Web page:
14. McGough JJ, Smalley SL, McCracken JT, Yang M, Del'Homme M, Lynn DE, Loo S. Psychiatric comorbidity in adult attention deficit hyperactivity disorder: Findings from multiplex families. Am J Psychiatry. 2005;162:1621–1627. [PubMed]
15. Kalbag AS, Levin FR. Adult ADHD and substance abuse: Diagnostic and treatment issues. Substance use and Misuse. 2005;40:1955–1981. [PubMed]
16. Wilson JJ, Levin FR. Attention-deficit/hyperactivity disorder and early-onset substance abuse disorders. J Child Adolesc Psychopharmacol. 2005;15:751–763. [PubMed]
17. Maedgen JW, Carlson CL. Social functioning and emotional regulation in the attention deficit hyperactivity disorder subtypes. J Clin Child Psychol. 2000;29:30–42. [PubMed]
18. Wilens T, Dodson W. A clinical perspective of attention-deficit/hyperactivity disorder into adulthood. J Clin Psychiatry. 2004;65:1301–1313. [PubMed]
19. Bellack L, Black RB. Attention-deficit hyperactivity disorder in adults. Clinical Therapy. 1992;14:138–147. [PubMed]
20. Paulson JF, Buermeyer C, Nelson-Gray RO. Social rejection and ADHD in young adults: An analogue experiment. Journal of Attention Disorders. 2005;8:127–135. [PubMed]
21. Shaw-Zirt B, Popali-Lehane L, Chaplin W, Bergman A. Adjustment, social skills, and self-esteem in college students with symptoms of ADHD. Journal of Attention Disorders. 2005;8:109–120. [PubMed]
22. Fischer M, Barkley RA, Smallish L, Fletcher K. Young adult follow-up of hyperactive children: Self-reported psychiatric disorders, comorbidity, and the role of childhood conduct problems and teen CD. J Abnorm Child Psychol. 2002;30:463–475. [PubMed]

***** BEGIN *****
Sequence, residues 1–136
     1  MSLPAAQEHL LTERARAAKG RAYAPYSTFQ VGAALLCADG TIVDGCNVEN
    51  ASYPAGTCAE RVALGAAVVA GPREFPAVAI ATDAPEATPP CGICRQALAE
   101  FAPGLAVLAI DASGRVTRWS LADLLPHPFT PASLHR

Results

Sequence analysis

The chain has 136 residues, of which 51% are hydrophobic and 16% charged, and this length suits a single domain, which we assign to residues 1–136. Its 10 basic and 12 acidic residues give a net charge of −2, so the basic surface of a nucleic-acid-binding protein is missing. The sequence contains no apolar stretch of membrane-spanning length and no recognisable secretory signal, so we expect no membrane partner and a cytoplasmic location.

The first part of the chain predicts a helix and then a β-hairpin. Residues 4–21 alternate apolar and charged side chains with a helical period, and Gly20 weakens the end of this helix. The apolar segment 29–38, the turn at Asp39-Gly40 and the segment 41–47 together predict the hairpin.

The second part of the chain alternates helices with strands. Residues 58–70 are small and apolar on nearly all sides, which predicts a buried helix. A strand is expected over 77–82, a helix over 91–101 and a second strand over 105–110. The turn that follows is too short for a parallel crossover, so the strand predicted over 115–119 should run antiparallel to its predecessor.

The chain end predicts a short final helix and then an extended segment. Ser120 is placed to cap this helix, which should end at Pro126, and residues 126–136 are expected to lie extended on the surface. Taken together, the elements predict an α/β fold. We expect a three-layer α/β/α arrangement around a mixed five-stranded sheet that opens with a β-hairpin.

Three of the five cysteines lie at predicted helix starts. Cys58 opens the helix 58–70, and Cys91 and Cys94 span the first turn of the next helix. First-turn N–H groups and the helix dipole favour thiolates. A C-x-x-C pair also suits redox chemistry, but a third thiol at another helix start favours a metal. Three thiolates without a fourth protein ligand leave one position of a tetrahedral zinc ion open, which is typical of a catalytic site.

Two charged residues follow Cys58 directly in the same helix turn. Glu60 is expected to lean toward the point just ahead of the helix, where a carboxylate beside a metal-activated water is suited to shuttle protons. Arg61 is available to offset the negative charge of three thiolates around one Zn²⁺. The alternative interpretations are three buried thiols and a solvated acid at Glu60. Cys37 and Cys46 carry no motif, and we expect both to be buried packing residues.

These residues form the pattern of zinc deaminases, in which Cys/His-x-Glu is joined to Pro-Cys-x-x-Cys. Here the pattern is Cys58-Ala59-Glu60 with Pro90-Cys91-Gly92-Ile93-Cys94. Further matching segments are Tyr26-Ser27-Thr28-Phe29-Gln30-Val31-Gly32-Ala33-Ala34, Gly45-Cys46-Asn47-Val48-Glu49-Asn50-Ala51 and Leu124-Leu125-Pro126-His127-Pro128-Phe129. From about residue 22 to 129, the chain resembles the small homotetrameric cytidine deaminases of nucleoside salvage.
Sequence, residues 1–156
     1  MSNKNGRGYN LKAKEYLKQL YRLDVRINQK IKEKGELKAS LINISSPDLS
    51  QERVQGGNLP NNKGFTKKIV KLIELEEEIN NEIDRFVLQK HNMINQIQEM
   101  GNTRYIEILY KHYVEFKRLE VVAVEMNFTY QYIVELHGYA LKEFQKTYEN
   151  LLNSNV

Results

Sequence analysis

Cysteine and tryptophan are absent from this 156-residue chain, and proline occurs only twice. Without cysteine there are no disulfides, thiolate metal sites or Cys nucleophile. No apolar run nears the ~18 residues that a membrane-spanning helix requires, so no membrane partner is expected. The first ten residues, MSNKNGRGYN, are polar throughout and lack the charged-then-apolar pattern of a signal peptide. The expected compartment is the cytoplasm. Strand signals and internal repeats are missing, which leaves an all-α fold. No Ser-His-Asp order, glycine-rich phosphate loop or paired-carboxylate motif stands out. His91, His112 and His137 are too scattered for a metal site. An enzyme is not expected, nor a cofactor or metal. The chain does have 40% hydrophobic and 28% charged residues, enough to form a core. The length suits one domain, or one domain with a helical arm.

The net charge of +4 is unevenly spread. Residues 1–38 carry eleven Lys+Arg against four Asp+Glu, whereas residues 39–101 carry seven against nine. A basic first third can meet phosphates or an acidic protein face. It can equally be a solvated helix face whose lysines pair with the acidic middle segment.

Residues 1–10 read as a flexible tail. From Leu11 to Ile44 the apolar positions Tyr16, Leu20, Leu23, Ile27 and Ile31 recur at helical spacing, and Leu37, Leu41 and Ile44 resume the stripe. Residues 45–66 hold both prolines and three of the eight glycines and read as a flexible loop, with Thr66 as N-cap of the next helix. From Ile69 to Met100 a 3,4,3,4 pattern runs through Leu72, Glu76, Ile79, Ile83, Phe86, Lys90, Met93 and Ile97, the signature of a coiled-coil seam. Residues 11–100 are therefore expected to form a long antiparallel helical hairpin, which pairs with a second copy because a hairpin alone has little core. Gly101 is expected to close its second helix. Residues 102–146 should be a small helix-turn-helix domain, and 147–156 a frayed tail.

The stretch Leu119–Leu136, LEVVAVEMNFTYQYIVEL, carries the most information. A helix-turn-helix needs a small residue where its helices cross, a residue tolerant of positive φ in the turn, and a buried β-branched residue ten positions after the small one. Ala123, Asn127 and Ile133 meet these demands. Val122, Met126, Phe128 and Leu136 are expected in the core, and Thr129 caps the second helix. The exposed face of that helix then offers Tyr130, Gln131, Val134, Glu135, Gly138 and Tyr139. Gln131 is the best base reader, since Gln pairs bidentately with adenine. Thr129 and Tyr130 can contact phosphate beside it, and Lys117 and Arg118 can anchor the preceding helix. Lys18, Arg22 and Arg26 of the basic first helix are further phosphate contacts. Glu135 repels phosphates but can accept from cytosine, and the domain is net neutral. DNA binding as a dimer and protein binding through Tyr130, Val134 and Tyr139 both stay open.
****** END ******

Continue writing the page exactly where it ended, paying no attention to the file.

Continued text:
23. Fossati A, Novella L, Donati D, Donini M, Maffei C. History of childhood attention deficit/hyperactivity disorder symptoms and borderline personality disorder: A controlled study. Compr Psychiatry. 2002;43:369–377. [PubMed]
24. Lewinsohn PM, Rohde P, Seeley JR, Klein DN. Axis II psychopathology as a function of axis I disorders in childhood and adolescence. J Am Acad Child Adolesc Psychiatry. 1997;36:1752–1759. [PubMed]
25. May B, Bos J. Personality characteristics of ADHD adults assessed with the millon clinical multiaxial inventory-II: Evidence of four distinct subtypes. J Pers Assess. 2000;75:237–248. [PubMed]
26. Rey JM, Morris-Yates A, Singh M, Andrews G, Stewart GW. Continuities between psychiatric disorders in adolescents and personality disorders in young adults. Am J Psychiatry. 1995;152:895–900. [PubMed]
27. American Psychiatric Association . Diagnostic and Statistical Manual of Mental Disorders. American Psychiatric Association; Washington, DC: 2000.
28. Barkley RA, Fischer M, Smallish L, Fletcher K. Young adult follow-up of hyperactive children: Antisocial activities and drug use. Journal of Child Psychology, Psychiatry, and Allied Disciplines. 2004;45:195–211. [PubMed]
29. Bernstein DP, Cohen P, Skodol A, Bezirganian S, Brook JS. Childhood antecedents of adolescent personality disorders. Am J Psychiatry. 1996;153:907–913. [PubMed]